Federal Target Letters and Florida Drug Cases
Criminal cases involving simple possession of illegal drugs or controlled substances usually go through the state courts. If you do not have any prior criminal convictions, you might even be eligible for a pretrial diversion drug court program, where, if you complete the court-ordered substance abuse treatment and other requirements of the program successfully, you can get the charges dropped and emerge from the case without a criminal record. If the charges involve a large group of people connected to the illegal drugs, such as drug trafficking conspiracy cases where the drugs crossed state lines or the alleged conspirators communicated with each other online, then it is likely that your case will go through the federal courts. Investigations into federal drug trafficking cases take a long time, and the people who receive criminal charges are only a fraction of the people that the police investigate in connection with the drug trafficking operation. If you receive a letter saying that prosecutors want to talk to you about a drug-related crime, it does not always mean that you will face charges yourself, but it does mean that you should talk to a Florida drug offenses attorney.
The What and Why of Federal Target Letters
“Target” is a scary word in the context of a criminal investigation, but if you receive a federal target letter about a drug conspiracy case, it does not always mean that you are a suspect. It does, however, mean that prosecutors think that you are a witness to a crime. When you receive a federal target letter, it either means that you have been summoned to testify before a grand jury or that you will receive a subpoena soon. As long as a grand jury is meeting, the defendant, who, as a rule, is not you, has not received criminal charges. In other words, prosecutors want you to testify so that a grand jury can decide, based on your testimony and on the testimony of the other witnesses, whether to charge the defendant with a crime.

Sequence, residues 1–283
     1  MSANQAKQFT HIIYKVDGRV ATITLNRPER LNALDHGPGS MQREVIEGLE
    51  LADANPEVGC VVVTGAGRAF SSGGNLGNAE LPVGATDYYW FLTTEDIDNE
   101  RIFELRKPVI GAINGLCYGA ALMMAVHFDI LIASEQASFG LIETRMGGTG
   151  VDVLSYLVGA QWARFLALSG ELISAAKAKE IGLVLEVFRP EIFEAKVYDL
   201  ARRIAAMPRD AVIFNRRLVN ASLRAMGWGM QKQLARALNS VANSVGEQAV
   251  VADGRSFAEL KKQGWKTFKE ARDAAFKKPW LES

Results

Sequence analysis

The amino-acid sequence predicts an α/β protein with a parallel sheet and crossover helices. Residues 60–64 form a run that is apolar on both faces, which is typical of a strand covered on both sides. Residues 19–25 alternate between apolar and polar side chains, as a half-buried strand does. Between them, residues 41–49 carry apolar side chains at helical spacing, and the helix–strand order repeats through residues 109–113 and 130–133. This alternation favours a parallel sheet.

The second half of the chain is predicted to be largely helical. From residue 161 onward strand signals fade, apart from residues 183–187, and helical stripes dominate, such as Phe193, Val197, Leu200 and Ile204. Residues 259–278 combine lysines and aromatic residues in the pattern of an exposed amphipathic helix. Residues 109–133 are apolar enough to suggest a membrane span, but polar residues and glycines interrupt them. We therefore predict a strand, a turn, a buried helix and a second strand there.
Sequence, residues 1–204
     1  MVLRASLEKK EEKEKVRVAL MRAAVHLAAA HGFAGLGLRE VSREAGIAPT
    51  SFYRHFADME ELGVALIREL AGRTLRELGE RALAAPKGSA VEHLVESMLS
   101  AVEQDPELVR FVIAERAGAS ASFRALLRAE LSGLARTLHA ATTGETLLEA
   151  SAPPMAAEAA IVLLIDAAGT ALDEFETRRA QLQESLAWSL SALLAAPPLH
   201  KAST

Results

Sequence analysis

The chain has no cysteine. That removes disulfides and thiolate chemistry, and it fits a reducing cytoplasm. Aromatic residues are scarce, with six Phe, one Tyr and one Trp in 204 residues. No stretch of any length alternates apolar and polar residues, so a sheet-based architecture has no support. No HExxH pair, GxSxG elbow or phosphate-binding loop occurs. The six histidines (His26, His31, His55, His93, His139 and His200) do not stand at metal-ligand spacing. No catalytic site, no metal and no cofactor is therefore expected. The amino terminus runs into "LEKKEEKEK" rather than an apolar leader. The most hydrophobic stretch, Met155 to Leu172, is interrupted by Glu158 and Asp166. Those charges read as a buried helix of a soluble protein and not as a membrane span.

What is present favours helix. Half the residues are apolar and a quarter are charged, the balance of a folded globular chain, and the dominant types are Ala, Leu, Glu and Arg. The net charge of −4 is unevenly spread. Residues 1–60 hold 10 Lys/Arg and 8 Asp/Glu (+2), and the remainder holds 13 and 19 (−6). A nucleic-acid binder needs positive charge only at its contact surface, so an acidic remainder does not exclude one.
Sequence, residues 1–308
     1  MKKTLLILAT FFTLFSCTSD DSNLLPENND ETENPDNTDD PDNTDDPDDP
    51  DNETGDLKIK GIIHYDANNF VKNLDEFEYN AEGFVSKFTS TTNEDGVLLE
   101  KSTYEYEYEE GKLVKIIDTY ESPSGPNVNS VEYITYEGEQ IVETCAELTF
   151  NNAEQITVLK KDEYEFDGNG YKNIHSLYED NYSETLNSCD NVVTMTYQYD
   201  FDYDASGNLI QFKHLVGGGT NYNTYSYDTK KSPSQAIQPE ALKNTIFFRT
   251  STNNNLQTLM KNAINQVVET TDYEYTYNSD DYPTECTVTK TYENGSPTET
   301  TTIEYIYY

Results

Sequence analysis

Your Rights If You Receive a Federal Target Letter
If you are requested to appear as a witness, you are legally required to respond and to answer truthfully. The Fifth Amendment protects you from being forced to incriminate yourself. Therefore, you should plead the Fifth Amendment if answering a question truthfully might cause you to receive criminal charges. The federal target letter informs you of this right. You have the right to representation by a criminal defense lawyer if you have received a target letter and must testify before a grand jury. Your lawyer can help you avoid incriminating yourself and may even be able to help you get immunity from criminal prosecution.
Contact FL Drug Defense Group About Drug Cases
A Central Florida criminal defense lawyer can help you if you are being asked to testify before a grand jury in a federal drug conspiracy case. Contact FL Drug Defense Group in Orlando, Florida to discuss your case.